At August 20th’s SoNYC discussion, which this month is held in collaboration with the New York Academy of Sciences, we’re going to be focusing on science PhDs. Does the current PhD system need revamping to better equip researchers to continue in academia or to pursue other careers after graduating? In our latest series of guest posts on Soapbox Science, we’ll hear from a variety of contributors about how the current system works, where the gaps are, which additional skills they think PhD courses should incorporate and what their personal experiences have been. Follow and join in the conversations online using #PhDelta and share your thoughts in the comment threads on the blog posts too.
Rich Walker is a Science Executive at the Royal Society of Chemistry. He graduated from the University in Oxford in 2007, only to return to study for a DPhil in Physical and Theoretical Chemistry investigating the behaviour of novel, mid-infrared lasers with applications in atmospheric monitoring and medical sensing. Since graduating in 2011, his work at the RSC has involved education and science policy roles, the latter of which is now his main concern. He can be found on twitter as @ivelostmysock or during the day contributing to @RSC_Roadmap.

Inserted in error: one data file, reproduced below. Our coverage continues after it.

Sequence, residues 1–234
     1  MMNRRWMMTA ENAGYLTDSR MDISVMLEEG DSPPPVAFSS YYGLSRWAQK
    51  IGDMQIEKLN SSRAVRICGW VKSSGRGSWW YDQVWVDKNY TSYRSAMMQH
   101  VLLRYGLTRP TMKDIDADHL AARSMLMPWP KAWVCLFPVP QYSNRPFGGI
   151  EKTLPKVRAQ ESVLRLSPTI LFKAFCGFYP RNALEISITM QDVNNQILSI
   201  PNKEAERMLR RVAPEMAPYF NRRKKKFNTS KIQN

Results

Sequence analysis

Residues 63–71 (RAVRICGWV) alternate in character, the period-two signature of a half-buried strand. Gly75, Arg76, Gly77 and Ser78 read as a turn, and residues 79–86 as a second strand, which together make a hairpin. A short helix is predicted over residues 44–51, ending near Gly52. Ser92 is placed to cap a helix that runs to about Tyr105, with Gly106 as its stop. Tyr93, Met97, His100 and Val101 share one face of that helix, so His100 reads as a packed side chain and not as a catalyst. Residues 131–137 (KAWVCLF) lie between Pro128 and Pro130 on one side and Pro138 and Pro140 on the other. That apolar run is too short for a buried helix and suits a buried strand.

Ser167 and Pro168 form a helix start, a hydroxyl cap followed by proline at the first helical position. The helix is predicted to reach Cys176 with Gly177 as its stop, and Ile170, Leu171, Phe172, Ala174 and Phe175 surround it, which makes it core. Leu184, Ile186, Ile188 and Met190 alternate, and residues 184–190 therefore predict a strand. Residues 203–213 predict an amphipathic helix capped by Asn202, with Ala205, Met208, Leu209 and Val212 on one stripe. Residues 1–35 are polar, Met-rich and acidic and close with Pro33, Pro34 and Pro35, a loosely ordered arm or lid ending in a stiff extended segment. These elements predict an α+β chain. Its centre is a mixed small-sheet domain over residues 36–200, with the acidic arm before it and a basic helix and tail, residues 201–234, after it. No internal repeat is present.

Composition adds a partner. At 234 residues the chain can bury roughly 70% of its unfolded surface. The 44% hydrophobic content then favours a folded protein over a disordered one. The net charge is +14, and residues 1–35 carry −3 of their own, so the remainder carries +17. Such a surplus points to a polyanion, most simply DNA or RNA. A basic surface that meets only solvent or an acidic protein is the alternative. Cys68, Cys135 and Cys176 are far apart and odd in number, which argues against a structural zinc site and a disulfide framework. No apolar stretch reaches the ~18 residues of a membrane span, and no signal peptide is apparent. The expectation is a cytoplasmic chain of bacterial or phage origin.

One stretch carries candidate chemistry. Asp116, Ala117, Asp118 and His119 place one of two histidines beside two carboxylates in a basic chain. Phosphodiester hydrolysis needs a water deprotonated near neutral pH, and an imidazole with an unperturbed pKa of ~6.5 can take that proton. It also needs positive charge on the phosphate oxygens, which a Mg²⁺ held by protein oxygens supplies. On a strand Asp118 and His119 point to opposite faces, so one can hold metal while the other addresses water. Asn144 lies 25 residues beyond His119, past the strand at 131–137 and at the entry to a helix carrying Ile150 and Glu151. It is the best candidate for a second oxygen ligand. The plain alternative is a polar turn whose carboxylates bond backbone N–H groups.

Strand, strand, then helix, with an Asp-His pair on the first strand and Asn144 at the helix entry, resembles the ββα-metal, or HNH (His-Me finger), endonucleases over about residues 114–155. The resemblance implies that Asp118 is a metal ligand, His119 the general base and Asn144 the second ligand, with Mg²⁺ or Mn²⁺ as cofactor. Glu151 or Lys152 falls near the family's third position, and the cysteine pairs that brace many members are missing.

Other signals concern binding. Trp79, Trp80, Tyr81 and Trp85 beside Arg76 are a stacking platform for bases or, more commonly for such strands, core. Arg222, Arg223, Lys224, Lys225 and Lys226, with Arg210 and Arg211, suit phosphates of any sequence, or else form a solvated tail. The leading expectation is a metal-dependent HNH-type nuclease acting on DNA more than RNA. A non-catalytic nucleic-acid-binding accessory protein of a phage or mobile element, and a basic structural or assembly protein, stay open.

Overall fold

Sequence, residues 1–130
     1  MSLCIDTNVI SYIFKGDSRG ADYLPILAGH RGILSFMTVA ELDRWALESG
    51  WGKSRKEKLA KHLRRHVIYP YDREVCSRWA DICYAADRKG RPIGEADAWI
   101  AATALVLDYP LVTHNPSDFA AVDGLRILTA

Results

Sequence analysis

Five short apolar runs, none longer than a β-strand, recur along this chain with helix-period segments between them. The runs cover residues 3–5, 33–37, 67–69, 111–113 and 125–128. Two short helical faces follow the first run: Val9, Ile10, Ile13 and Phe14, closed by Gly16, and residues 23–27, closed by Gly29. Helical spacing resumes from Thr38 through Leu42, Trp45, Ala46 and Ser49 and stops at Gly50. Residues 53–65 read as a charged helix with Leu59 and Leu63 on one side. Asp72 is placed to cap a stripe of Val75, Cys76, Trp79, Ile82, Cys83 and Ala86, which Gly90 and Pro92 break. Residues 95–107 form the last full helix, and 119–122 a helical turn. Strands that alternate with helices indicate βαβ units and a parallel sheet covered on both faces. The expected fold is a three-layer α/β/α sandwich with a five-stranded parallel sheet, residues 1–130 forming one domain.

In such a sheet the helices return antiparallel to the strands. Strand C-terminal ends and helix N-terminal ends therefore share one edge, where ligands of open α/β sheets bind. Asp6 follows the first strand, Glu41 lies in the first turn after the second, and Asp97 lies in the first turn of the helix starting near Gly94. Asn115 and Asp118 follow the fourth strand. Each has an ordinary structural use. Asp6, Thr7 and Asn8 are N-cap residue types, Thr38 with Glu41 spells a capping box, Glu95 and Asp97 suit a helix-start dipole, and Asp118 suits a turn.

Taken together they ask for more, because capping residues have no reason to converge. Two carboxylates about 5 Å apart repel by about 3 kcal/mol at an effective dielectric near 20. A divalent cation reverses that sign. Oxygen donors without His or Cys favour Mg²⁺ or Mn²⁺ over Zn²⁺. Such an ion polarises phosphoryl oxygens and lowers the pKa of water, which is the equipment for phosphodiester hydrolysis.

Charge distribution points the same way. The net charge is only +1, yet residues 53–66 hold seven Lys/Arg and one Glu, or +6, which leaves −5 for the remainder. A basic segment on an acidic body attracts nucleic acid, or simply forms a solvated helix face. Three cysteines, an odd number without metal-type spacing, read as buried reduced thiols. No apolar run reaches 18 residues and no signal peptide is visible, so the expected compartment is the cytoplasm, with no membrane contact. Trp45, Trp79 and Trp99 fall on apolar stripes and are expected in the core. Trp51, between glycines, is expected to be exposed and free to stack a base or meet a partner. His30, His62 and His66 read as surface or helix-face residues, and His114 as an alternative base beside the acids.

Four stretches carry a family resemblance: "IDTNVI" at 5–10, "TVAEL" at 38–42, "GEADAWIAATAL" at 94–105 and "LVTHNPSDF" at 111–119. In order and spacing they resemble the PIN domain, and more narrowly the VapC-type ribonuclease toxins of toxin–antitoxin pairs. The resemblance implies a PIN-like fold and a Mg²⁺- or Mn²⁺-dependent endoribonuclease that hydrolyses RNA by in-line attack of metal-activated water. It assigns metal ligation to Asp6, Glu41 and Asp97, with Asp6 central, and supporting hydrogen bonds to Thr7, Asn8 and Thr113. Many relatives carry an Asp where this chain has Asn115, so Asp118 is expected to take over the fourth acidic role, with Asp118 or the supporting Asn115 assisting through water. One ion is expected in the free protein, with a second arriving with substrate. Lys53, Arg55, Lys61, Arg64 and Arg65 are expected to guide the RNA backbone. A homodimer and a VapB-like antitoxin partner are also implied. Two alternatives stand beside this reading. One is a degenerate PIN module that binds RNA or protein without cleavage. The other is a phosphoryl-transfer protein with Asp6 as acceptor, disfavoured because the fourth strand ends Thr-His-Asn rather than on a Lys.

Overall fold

Before 2000 Research Council-funded PhDs in the UK came in two main flavours: studentships were either given directly to a researcher for a specific project (by far the major route), or to a department for distribution to researchers as it saw fit. In the mid 2000s, however, the primary funder of physical sciences in the UK – the Engineering and Physical Sciences Research Council (EPSRC) – began experimenting with a new model of studentship: Doctoral Training Centres (DTCs). Initially trialled on the life-science interface, DTCs brought a drastically different approach to the PhD experience. Where previous studentships had been free and easy, those funded through this new scheme were far more regimented. 10 or more students were tied together into a year group or ‘cohort’, and went through a year of taught courses and soft skills training before embarking on a more traditional research-based PhD for the following three years.